Gustave Hervé (1871–1944) at the Extremes of the French Third Republic
Chapter 26 Gustave Hervé and Anti-Semitism
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Political reality is seldom as simple, clear, or consistent as the labels employed to describe it. Generally, Hervé’s contemporaries considered him to be a philo-Semite rather than an anti-Semite. That is the position of his biographer, Gilles Heuré,1 a view which has been upheld in a recent study of Hervé’s national socialism by the Dutch scholar Daniel Knegt.2 Throughout most of his career Hervé vociferously assailed anti-Semitism wherever he found it.3 However, his pre-war and interwar editorials as well as articles by other writers on La Guerre Sociale occasionally included anti-Semitic allusions, and there is evidence of blatantly anti-Semitic contingents close to La Victoire in the 1930s. Hervé’s pre-war lapses into anti-Semitic tones sometimes have been considered premonitions of his later “fascism.” Ironically, his pre-war enemies often accused him of having sold out to Jewish money and interests, a charge that was repeated by L’Action Française during the interwar. It is even more ironic that some of Hervé’s other rivals on the extreme French Right during the interwar may have employed “dirty tricks” to try to taint the former Sans Patrie with anti-Semitism so that he might lose what little support he still had around 1935.4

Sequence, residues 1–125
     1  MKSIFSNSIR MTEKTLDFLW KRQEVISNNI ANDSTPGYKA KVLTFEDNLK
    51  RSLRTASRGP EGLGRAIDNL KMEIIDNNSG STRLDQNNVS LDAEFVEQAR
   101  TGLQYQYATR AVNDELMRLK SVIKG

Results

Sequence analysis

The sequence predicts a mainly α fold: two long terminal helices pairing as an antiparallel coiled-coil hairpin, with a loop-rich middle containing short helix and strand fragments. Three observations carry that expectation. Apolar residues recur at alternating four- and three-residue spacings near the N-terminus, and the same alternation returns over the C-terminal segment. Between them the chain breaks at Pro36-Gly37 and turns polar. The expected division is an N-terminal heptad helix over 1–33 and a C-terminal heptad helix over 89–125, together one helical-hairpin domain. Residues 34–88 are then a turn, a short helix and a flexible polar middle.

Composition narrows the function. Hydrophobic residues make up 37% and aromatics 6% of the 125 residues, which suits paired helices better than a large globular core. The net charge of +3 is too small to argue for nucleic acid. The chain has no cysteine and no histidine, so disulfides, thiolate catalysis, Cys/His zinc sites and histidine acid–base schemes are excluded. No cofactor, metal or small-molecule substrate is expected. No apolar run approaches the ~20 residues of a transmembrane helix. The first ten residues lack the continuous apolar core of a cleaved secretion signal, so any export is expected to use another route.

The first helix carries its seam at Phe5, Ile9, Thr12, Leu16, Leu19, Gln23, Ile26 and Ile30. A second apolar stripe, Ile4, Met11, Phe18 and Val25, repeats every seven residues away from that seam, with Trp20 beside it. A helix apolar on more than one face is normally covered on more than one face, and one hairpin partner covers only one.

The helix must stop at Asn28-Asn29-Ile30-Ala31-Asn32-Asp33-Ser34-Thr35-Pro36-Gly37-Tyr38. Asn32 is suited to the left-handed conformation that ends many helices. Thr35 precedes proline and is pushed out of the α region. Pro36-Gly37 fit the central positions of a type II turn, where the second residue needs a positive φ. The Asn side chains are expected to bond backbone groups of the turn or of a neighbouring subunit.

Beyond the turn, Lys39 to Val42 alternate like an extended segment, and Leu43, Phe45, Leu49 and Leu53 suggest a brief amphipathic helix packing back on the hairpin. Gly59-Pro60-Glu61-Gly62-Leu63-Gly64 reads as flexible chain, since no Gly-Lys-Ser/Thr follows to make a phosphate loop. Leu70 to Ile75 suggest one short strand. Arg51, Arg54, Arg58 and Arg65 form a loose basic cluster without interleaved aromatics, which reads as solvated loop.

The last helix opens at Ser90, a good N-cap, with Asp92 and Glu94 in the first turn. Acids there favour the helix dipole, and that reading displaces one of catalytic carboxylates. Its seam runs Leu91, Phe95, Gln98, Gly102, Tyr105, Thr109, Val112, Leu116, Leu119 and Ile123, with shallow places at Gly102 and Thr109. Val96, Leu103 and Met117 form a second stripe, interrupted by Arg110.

A number of authors have associated Hervé, La Guerre Sociale, and La Victoire with anti-Semitism. Paul Mazgaj, Zeev Sternhell, Richard Millman, and Pierre Birnbaum have not been reticent in stressing such associations. Mazgaj ← 751 | 752 → emphasized how La Guerre Sociale assailed Jaurès...
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